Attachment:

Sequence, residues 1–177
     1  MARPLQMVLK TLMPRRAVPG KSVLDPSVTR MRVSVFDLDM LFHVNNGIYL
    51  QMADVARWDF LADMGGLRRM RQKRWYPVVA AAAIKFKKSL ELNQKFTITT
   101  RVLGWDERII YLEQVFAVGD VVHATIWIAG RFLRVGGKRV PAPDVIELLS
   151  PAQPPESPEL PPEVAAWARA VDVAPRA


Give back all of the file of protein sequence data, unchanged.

Sequence, residues 1–177
     1  MARPLQMVLK TLMPRRAVPG KSVLDPSVTR MRVSVFDLDM LFHVNNGIYL
    51  QMADVARWDF LADMGGLRRM RQKRWYPVVA AAAIKFKKSL ELNQKFTITT
   101  RVLGWDERII YLEQVFAVGD VVHATIWIAG RFLRVGGKRV PAPDVIELLS
   151  PAQPPESPEL PPEVAAWARA VDVAPRA